In the first few pages of controversial French author Michel Houllebecq’s new novel, The Possibility of an Island, the narrator offers the following as casually as an aside about the weather:
“On the day of my son’s suicide, I made a tomato omelet. I had never loved that child: he was as stupid as his mother, and as nasty as his father. His death was far from a catastrophe; you can live without such human beings.”
It’s quintessential Houllebecq (pronounced Wellbeck), the emotional detachment of Albert Camus’ The Stranger multiplied ten-fold into active distaste. But Houllebecq has forged a successful literary career by exposing the hypocrisy behind France’s most sacred secular humanist shibboleths—sexual liberation, racial and religious tolerance, the ‘68 revolution; in short, liberte, egalite, fraternite. He’s become so infamous in his own country that when the heat his novels generated threatened to engulf him—he was taken to court after an interview in which he called Islam the world’s most “stupid religion”—he relocated to - quelle horreur - the British Isles (he now lives in Spain).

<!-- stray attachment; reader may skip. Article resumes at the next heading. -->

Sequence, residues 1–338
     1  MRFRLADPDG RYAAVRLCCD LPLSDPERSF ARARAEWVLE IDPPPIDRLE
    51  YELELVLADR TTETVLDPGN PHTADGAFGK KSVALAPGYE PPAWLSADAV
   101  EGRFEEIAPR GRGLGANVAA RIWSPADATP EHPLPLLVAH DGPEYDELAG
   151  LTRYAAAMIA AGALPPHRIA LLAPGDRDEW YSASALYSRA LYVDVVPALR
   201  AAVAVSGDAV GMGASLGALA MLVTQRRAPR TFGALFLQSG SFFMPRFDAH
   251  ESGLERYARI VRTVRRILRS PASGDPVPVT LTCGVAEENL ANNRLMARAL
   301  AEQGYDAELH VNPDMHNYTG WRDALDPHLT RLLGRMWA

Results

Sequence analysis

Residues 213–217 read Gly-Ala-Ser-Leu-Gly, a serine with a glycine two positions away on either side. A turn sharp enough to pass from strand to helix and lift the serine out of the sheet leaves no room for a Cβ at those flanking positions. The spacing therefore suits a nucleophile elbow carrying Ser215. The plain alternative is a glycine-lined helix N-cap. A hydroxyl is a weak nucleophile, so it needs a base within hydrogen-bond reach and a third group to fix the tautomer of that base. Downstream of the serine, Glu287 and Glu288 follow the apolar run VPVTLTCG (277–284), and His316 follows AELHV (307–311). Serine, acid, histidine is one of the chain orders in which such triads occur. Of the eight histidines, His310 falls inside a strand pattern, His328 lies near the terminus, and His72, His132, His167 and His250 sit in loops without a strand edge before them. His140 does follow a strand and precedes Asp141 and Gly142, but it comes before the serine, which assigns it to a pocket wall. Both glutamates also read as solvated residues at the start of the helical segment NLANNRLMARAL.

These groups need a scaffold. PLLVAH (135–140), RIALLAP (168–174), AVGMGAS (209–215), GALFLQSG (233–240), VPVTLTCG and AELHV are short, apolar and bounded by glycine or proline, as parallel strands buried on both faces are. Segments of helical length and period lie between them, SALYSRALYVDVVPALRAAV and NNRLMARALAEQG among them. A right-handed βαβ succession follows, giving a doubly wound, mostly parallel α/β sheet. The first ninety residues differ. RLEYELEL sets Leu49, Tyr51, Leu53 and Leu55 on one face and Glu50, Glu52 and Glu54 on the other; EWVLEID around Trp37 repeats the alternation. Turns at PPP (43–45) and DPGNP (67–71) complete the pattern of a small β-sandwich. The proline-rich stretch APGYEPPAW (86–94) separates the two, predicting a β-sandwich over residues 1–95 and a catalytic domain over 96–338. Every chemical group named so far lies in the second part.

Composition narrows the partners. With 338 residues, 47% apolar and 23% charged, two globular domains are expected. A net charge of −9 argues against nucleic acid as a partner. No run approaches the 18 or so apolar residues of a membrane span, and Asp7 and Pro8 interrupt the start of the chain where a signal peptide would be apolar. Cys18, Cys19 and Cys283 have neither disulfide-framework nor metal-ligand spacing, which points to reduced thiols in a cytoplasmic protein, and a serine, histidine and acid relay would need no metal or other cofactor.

But Houllebecq is also France’s greatest literary export since Camus because his themes transcend their French genesis. His multi-national appeal is as much a by-product of globalization and cultural homogenization as a McDonalds on the Rive Gauche. His works have been adapted to plays in Denmark, England, and Spain, his novel Elementary Particles has been made into a film in Germany, and Houllebecq himself was the subject of a BBC documentary.
The Possibility of an Island is Houllebecq’s most personal novel. It’s an amalgamation of themes the author has explored before in Whatever (1994), Elementary Particles (1998), and Platform (2001): Consumerism, sexual profligacy, cloning, the tyranny of youth culture, and the drift of society toward its basest instincts in the absence of traditional moral hierarchies. This time, however, these themes play themselves out in a dystopian future from which mankind has all but erased itself.